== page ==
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Publication numberUS5286932 A
Publication typeGrant
Application numberUS 07/918,033
Publication dateFeb 15, 1994
Filing dateJul 24, 1992
Priority dateJul 26, 1991
Fee statusPaid
Also published asEP0525635A1
Publication number07918033, 918033, US 5286932 A, US 5286932A, US-A-5286932, US5286932 A, US5286932A
InventorsRobert Rouch, Michel Descazeaux
Original AssigneeGec Alsthom Sa
Export CitationBiBTeX, EndNote, RefMan
External Links: USPTO, USPTO Assignment, Espacenet
Vacuum bulb provided with electrical insulation
US 5286932 A
A vacuum bulb for interrupting an electrical circuit, the bulb comprising two electrical poles enabling an electrical connection to be established between the outside and interrupting contacts placed inside the bulb, the body of the bulb being dielectrically reinforced by an outside insulator disposed on the bulb between the two electrical poles, wherein the insulator is constituted by a polymer sheath heat-shrunk directly onto the body of the bulb.
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We claim:
1. An insulated vacuum bulb for interrupting an electrical circuit comprising a bulb having a substantially cylindrical outer surface and having top and bottom terminals disposed at opposite ends of said bulb, a fixed electrical pole and a movable electrical pole extending through and connected to said terminals, respectively with interrupting contacts disposed on said poles within said bulb and outside insulator means disposed on said outer surface of said bulb and extending between said terminals for dielectrically reinforcing said bulb, wherein said insulator means is comprised of at least one polymer sheath heat-shrunk directly onto and covering said substantially cylindrical surface of said bulb.
2. An insulated vacuum bulb as set forth in claim 1, wherein said at least one sheath includes fins on an outer surface thereof.
3. An insulated vacuum bulb as set forth in claim 1, wherein said insulator means is comprised of a plurality of partially overlapping polymer sheaths each of which is heat-shrunk directly onto said substantially cylindrical surface of said bulb.
4. An insulated vacuum bulb as set forth in claim 1, further comprising at least one recess in said outer surface and additionally insulating material disposed in and filling said at least one recess.

The present invention relates to a vacuum bulb provided with electrical insulation, in particular for use in a polluted atmosphere specific to certain industries or in the outside atmosphere, e.g. in railway applications.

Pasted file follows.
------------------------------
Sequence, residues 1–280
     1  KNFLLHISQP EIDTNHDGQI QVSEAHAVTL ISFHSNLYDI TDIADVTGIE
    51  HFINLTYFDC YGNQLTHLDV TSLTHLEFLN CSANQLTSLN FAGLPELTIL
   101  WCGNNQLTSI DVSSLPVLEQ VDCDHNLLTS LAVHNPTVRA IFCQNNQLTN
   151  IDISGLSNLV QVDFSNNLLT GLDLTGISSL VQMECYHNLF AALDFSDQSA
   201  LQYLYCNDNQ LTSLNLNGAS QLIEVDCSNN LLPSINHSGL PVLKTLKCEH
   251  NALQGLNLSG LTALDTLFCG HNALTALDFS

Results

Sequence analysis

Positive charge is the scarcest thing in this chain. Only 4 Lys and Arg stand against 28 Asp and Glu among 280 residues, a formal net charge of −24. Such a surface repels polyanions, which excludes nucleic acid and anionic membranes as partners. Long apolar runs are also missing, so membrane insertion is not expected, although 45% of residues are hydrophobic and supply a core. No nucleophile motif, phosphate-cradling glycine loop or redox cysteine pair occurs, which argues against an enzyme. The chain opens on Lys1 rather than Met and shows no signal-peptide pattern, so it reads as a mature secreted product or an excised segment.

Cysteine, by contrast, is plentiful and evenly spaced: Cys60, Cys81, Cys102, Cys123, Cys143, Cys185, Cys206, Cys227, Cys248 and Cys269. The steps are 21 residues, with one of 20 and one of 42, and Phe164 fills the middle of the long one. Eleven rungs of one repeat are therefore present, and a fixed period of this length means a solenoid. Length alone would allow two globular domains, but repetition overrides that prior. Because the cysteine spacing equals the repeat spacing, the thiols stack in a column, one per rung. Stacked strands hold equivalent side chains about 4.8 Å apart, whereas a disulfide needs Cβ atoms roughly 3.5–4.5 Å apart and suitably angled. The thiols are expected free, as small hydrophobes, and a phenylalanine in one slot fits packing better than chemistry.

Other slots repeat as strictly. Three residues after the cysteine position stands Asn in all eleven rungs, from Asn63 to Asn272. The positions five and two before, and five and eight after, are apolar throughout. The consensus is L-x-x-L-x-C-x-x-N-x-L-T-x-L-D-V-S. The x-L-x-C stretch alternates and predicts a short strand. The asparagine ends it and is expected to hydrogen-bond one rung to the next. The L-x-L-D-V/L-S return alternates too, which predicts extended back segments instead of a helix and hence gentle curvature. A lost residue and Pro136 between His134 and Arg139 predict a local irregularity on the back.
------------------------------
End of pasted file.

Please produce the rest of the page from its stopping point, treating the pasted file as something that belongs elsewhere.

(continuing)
Vacuum bulbs are used in electrical current-interrupter devices. A vacuum bulb is constituted by a cylinder of insulating material fitted with two facing electrical contacts. One of the contacts is stationary and the other is moving to enable the contacts to be separated or to be brought together. The contacts are connected to external conducting flanges placed on opposite faces of the bulb, which flanges enable electrical connections to be made with external lines or circuits.

The vacuum established inside the bulb provides the required dielectric strength and interrupting power in a small volume. However, it is necessary to provide a creepage distance outside the bulb of sufficient length to guarantee overall isolation between the contacts. Bulbs are then fitted with electrical insulators having fins in order to obtain creepage distances of sufficient length.

Such isolators are conventionally made of ceramics. An insulator is placed around a vacuum bulb between its flanges. The space between the bulb and the insulator is filled with a filler resin that must have very good adherence qualities and that must not shrink in order to avoid allowing a layer of air to form between the bulb and the resin or between the resin and the electrical insulator.

Ceramic insulators suffer from a certain number of drawbacks.

They are heavy, and above all they are brittle which makes them particularly sensitive to vandalism. When placed on the roof of a rail vehicle, their relatively large volume gives rise to drag.

As a replacement for ceramic material, it is known that a resin can be molded over a vacuum bulb to form an insulator. Appropriate resins include epoxies such as those sold under the trademark Araldite, after treatment to enable them to withstand ultraviolet radiation. However, such materials are also fragile, and in operation they require significant thicknesses, thereby giving rise to high weight.

Document WO 91/06106, filed in the name of Raychem Limited, discloses a high tension insulator having a polymer core which provides it with good mechanical strength and which is protected on the outside by a sheath of heat-shrink polymer which is electrically insulating and which withstands leakage currents, said sheath being provided with fins on its outside surface.

To mitigate the drawbacks of prior art vacuum bulbs provided with electrical insulation, the present invention seeks to dispose electrically insulating heat-shrink substances such as those disclosed in WO 91/06106 directly on a vacuum bulb. Such substances provide very good shock resistance because they are flexible and they enable insulators to be obtained that are compact and light in weight.


The invention therefore provides an insulated vacuum bulb for interrupting an electrical circuit, the bulb comprising two electrical poles enabling an electrical connection to be established between the outside and interrupting contacts placed inside the bulb, the body of the bulb being dielectrically reinforced by an outside insulator disposed on the bulb between the two electrical poles, wherein the insulator is constituted by a polymer sheath heat-shrunk directly onto the body of the bulb.

Advantageously, the sheath includes fins on its outside surface. It may be built up from a plurality of lengths.


The invention will be better understood and other advantages and features will appear on reading the following description given by way of non-limiting example and referring to the accompanying drawing in which the sole FIGURE shows a vacuum bulb provided with electrical insulation in accordance with the invention.


The accompanying FIGURE is a section on the axis of symmetry of the device, excluding the vacuum bulb 1 of insulating material such as porcelain or ceramic which is shown only in part in the section.

The bulb includes a top threaded rod 2 which terminates inside the bulb in a stationary contact. The top rod 2 which is stationary relative to the bulb passes through a top flange 3 and secures the flange against the top face of the bulb by means of a plug nut 4. The top flange is made of metal, e.g. copper or aluminum. The plug nut may be made of copper. An O-ring 5 is included in the assembly to seal it against water and other polluting fluids. The top flange 3 is intended to receive a metal rod 6 which is brazed or soldered to the flange for the purpose of providing an electrical connection with the outside, e.g. to a pantograph in a rail application.